This guy wants you to be Chanakya + Kabir + Confucius

Jun 09, 2009, 08:35 IST | Soumya Mukerji

A student of Statecraft teaches you tricks to a great life through the ways of three starkly different historical icons. Here's prodding Pavan Choudary page by page

A student of Statecraft teaches you tricks to a great life through the ways of three starkly different historical icons. Here's prodding Pavan Choudary page by page

A threesome can be quite a treat, especially when it's a strategist, poet, and saint in the act. Enter pulp pimp Pavan Choudary, who has a fetish for practical profundity, and supplies his subjects in all their sense and sensuality. The political coach preaches three unlike, unsung heroes of history in his new life guide, Success Sutras for the 21st Century: A Trilogy of Wisdom. We asked him why he 'tri'ed so hard.  

Chanakya, Kabir and Confucius make a strange combination. Why them as idols?
I was looking at masters in the fields of political, social and spiritual wisdom, and these three personalities won unanimously. We don't know enough of them because they've spoken in languages the world doesn't understand. Chanakya spoke in Sanskrit, Kabir in Awadhi and Confucius in Chinese. Today, their teachings are more relevant than ever.

And how is that?
Chanakya said that if the nation is becoming rich, it is important that it become militarily strong, too. If you become mighty rich, becoming mighty is important, too.
Confucius said that your behaviour with those below you matters. Forget the poverty line, most who are above it, too, are below the dignity line. Misconduct only causes your own people to side up with the enemy, and this is causing the country to become a caged golden sparrow all over again. We should aim at being a golden eagle.
Kabir ennobles you. He's not just soul stirring, but soul refining. He shows you how your pursuit of spirituality is successful only if you're becoming a better human being.

Do you think the newly elected young leaders would actually follow and benefit from what you have to say?
Yes, of course. That's why we've timed the release with the first session of the parliament. The political elite need to know that they should be clever like Chanakya and deal intelligently with foreign issues. Some of our kings negotiated badly earlier, and we're still paying the price. Thankfully, the parliament library has already stocked up.

But haven't we come a long way since then?
No. Today, too, our politicos make naïve comments. One had even gone as far as saying "No nuclear weapons, because they'll land in the hands of terrorists." It's like saying, why bullet proof jackets? We also have this problem of over-respecting peoples and nations, like America. One should not treat anyone so highly that he starts thinking of you as a lesser being. This is one of the biggest reasons for the outbreak in Australia. This is not to say we should say we should turn hostile. Instead, follow Zhong Yong, or Confucius' middle path. Chanakya, too, didn't like hypocrisy. According to him, adopting the 'atithi devo bhava' attitude was because we couldn't fight the enemy at the gates. He would have said all the flattery is bull****. Any atithi is not deva; only a well-understanding guest who doesn't take our respect for a ride is.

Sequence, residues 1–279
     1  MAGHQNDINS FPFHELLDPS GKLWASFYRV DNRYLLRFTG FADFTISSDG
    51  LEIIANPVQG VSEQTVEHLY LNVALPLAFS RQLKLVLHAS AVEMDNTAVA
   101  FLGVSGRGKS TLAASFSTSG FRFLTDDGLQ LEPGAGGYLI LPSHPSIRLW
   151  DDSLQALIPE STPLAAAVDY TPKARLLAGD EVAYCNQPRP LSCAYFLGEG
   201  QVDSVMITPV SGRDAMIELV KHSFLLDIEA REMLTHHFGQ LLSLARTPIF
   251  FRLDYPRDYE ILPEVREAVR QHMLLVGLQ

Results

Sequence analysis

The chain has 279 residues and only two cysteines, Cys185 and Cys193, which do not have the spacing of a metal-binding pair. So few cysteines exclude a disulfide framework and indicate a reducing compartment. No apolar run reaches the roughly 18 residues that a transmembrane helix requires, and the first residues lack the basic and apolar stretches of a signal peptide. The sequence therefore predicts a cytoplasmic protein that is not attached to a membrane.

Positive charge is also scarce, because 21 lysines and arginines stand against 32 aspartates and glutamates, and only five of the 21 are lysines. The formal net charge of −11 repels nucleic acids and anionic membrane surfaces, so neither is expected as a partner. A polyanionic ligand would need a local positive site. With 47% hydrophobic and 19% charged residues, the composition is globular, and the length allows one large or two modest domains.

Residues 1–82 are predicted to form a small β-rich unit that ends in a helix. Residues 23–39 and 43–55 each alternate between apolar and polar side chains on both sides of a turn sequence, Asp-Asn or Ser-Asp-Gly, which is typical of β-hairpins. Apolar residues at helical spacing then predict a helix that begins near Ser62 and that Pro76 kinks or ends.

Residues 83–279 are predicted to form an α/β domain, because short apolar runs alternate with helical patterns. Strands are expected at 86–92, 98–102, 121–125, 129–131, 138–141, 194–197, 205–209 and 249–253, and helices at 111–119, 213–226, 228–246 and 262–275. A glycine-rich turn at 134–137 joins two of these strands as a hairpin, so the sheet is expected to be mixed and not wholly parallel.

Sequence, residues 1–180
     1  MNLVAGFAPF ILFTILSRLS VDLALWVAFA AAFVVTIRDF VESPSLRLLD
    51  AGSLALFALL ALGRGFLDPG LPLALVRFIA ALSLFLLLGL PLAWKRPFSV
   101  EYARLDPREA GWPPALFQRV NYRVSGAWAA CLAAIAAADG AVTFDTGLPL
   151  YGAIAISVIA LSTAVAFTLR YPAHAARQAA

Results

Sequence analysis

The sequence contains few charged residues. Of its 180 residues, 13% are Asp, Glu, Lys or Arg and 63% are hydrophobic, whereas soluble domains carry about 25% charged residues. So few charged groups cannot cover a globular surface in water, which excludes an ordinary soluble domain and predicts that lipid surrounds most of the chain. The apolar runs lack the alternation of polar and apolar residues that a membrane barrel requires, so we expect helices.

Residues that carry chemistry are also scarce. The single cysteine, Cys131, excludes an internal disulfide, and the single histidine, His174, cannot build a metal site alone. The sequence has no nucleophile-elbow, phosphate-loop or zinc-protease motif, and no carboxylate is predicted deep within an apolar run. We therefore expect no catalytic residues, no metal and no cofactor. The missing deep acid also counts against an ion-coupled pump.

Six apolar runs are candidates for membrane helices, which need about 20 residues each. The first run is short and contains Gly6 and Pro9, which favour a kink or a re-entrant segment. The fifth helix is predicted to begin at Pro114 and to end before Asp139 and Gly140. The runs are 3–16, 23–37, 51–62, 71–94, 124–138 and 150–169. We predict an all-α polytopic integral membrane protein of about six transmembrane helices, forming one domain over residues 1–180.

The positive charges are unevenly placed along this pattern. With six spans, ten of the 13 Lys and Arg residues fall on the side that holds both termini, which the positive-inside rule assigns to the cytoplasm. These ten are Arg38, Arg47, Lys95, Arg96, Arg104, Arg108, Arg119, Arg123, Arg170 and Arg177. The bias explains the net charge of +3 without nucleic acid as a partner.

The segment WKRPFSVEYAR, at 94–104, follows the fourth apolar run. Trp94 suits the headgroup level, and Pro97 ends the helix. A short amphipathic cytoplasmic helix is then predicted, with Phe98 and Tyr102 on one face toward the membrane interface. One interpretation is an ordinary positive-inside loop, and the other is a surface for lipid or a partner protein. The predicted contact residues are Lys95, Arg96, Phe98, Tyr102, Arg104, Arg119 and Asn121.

But Chanakya is known to be ruthlessly manipulative and cunning. 
Yes, I know Chankaya is used in derogatory terms. No one names their kid that, even though if colonies and businesses are named so. But, he's a much misunderstood man. He was of the opinion that you should life with high values like honesty and truth, but before you live like a saint, buy a gun. Otherwise, the world will send you to the Himalayas. Today, your weapon is your contacts, your strategies, and your integrity. We don't realise his greatness because we compare him to saints when he was only a state-crafter. It's like saying Abraham Lincoln was not a good sculptor. If India doesn't get its modern Chanakya soon, it will lose it advantageous position.

Confucius, as conventionalists would retort, is an outsider. Why not look within?
Many have spoken on the middle path, including Budhha and Aristotle. But Confucius took the concept to the individual, subconscious level, speaking interactively. He also understood man's vulnerability. He'd once said, "I can never be as respectful to my father as I'd like my son to be." Five centuries before Jesus, he'd said, do unto others what you would want them to do to you. It didn't come from Jerusalem. He's the true, unsung hero.
Success Sutras for the 21st Century: A Trilogy of Wisdom
Publisher: Wisdom Village
Price: Rs 290

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